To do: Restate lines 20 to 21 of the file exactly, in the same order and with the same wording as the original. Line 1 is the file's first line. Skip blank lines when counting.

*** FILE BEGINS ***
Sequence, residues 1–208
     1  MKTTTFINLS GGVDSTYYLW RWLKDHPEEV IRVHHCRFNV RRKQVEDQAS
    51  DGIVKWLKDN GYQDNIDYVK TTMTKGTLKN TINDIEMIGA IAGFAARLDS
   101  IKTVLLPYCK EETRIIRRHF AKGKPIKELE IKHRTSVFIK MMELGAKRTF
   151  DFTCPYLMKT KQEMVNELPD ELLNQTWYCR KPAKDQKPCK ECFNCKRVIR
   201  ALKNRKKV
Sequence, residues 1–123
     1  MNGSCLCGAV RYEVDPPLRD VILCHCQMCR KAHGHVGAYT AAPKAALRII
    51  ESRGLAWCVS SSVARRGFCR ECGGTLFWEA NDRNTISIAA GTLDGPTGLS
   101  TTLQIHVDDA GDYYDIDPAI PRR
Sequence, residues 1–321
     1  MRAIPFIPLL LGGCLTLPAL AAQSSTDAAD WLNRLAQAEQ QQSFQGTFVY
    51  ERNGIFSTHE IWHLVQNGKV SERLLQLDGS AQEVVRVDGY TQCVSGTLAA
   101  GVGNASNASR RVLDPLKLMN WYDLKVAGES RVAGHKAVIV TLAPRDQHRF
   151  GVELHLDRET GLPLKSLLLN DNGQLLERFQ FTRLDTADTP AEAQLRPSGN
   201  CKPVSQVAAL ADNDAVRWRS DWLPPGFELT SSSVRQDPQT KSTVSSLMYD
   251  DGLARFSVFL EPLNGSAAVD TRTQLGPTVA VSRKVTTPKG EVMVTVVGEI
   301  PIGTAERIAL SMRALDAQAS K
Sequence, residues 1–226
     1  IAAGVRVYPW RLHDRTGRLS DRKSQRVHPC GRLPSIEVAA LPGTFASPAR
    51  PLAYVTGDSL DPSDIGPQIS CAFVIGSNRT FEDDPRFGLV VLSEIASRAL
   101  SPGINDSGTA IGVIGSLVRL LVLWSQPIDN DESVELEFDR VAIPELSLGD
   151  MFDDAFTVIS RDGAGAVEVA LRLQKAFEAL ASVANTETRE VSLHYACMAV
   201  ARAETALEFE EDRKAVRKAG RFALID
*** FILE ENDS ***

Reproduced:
     1  IAAGVRVYPW RLHDRTGRLS DRKSQRVHPC GRLPSIEVAA LPGTFASPAR
    51  PLAYVTGDSL DPSDIGPQIS CAFVIGSNRT FEDDPRFGLV VLSEIASRAL